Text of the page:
Britain’s holy places are all connected by green lanes and public footpaths. You can make pilgrimage anytime, along a Great Route or from your back door.
British pilgrimage is Open to All, please ‘Bring Your Own Beliefs’- it’s not religious, and it’s not not religious.
From Hollinshead – 7 miles – This pilgrimage starts at the mysterious Hollinshead wellhouse, a sacred spring that arises in a curious stone building, the only structure that remains standing amidst the ruins of Hollinshead Hall. Heading north from here the pleasant riverside path meanders its way to St Stephen’s Church in Tockholes, where another stone curiosity awaits. Thought to be the stump of an Anglo-Saxon cross, Tocca’s Stone stands in the churchyard, above a plinth with a medieval inscription, while a unique outdoor pulpit can be found nearby. The route then heads north, mostly avoiding roads in favour of lanes and farmland paths to the southern outskirts of Blackburn, where it picks up a section of the Leeds and Liverpool Canal before arriving at the cathedral itself.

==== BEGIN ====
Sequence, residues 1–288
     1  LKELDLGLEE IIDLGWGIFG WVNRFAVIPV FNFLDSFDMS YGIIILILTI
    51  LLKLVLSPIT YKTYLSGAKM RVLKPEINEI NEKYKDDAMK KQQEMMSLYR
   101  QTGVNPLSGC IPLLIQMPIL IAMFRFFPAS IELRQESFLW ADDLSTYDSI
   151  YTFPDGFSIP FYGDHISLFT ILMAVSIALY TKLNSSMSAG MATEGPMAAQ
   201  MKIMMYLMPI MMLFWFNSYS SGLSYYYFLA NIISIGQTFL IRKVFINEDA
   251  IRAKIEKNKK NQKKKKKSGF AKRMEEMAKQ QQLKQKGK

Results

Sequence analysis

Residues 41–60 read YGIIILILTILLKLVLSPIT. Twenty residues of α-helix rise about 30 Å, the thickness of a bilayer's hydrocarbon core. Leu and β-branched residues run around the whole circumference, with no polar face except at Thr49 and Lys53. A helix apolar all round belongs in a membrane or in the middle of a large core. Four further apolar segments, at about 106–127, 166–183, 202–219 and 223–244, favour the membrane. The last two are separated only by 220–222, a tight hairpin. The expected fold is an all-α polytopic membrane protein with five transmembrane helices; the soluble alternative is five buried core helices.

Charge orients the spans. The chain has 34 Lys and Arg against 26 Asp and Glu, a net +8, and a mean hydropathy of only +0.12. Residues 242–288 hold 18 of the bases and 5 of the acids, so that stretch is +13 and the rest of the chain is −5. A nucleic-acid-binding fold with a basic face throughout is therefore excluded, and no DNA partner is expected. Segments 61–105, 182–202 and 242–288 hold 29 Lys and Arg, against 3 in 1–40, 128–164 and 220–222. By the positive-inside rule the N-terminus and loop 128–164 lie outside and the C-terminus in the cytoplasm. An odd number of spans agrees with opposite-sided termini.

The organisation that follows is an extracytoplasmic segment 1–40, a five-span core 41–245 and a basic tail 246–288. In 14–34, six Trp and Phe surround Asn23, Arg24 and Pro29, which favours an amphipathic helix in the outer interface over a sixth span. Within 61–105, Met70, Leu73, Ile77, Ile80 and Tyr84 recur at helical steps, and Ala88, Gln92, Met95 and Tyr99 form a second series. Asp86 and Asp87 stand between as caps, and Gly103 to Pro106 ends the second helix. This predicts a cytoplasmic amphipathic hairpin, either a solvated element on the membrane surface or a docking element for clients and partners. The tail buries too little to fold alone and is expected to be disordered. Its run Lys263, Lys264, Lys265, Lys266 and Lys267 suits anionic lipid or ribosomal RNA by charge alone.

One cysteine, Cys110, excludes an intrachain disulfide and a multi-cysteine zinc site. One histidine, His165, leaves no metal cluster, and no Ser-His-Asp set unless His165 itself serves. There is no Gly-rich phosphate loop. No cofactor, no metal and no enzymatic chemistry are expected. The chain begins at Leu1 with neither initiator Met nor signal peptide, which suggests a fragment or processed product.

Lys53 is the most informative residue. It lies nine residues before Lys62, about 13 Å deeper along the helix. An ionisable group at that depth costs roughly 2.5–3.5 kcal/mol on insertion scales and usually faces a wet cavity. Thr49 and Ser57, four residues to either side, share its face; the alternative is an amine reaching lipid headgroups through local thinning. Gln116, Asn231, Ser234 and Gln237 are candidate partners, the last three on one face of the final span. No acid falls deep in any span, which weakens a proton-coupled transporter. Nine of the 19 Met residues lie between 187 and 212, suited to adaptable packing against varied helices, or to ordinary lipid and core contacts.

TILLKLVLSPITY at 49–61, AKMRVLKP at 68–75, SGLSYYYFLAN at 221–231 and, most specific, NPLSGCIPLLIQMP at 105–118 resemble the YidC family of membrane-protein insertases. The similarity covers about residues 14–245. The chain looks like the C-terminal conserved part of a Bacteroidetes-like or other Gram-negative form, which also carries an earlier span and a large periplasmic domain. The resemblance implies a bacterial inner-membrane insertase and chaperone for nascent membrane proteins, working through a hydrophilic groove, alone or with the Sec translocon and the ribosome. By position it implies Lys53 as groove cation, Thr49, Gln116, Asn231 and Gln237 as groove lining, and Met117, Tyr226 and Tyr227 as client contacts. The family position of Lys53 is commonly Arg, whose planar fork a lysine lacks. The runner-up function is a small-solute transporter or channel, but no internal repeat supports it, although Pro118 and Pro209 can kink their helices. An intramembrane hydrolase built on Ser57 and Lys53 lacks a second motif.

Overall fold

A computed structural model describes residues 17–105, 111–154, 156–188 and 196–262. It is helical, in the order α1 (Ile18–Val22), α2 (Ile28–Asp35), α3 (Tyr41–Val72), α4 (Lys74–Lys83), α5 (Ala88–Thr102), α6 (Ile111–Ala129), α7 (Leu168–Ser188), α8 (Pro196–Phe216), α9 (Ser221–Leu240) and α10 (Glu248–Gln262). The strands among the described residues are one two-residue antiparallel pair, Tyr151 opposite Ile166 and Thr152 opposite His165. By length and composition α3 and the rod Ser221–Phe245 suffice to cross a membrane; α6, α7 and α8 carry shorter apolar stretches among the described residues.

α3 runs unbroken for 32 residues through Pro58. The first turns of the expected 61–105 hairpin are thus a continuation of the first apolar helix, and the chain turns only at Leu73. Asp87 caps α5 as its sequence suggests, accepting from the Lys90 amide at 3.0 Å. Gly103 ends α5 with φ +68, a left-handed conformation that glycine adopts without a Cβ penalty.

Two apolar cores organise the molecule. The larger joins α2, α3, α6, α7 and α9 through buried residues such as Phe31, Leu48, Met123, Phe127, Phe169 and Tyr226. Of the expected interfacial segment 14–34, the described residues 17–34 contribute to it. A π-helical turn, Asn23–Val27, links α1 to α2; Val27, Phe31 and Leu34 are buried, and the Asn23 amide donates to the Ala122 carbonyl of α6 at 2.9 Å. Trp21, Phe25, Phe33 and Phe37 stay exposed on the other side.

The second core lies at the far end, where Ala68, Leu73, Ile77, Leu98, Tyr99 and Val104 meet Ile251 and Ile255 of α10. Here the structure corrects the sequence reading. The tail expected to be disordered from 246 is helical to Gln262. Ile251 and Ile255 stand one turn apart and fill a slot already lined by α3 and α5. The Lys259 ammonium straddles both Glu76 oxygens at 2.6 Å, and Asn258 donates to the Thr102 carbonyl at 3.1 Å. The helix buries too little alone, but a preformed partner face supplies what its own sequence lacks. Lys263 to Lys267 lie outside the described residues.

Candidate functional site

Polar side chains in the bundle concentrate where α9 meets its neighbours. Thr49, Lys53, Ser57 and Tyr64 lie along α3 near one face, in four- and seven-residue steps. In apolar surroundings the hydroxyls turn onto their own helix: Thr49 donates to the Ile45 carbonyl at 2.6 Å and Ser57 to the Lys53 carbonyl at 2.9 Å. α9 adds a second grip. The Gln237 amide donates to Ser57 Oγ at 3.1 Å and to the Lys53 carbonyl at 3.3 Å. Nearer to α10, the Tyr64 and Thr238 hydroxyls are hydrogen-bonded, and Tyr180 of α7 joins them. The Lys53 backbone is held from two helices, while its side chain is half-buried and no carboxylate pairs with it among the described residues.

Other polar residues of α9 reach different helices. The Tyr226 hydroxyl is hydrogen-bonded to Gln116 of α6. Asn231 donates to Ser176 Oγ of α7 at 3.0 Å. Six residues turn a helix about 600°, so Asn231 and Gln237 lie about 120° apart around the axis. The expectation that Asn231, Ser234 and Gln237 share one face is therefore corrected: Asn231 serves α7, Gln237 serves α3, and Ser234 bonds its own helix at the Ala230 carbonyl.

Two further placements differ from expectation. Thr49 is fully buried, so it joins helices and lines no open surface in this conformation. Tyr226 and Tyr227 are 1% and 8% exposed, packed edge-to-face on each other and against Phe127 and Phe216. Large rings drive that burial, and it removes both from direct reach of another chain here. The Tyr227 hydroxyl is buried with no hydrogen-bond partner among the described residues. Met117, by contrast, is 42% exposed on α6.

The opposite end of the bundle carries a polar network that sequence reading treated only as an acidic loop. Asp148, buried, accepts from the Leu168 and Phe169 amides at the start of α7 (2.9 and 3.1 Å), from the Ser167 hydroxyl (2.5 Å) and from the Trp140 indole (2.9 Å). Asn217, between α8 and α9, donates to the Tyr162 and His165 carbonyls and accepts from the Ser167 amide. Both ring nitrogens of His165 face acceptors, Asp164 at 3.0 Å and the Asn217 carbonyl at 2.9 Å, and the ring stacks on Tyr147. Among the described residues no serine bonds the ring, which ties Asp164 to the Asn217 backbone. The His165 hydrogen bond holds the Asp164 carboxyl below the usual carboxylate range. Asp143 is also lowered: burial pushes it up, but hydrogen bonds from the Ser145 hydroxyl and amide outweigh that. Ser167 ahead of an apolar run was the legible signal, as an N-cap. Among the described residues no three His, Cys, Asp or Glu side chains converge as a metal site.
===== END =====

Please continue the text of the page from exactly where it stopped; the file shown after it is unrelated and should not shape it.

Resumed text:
From Whalley Abbey – 8.5/9 miles – Whalley Abbey is in many ways an evocative starting point for a pilgrimage in this region, since it was the site of one of Britain’s earliest churches, mentioned by the missionary St Paulinus in 628AD. The site of this church is no longer known, but the later Whalley Abbey has left its mark, now a picturesque ruin owned and managed by the local diocese. The fine parish church further embellishes Whalley’s credentials as a site of ancient spirituality, with some late Saxon (c. 1050AD) stone crosses in the churchyard. The pilgrim path then heads south through fields to the town of Great Harwood and its medieval church of St Bartholomew and St John before linking up with the Leeds and Liverpool Canal for a final stretch into the town centre, from where a short walk leads to the cathedral.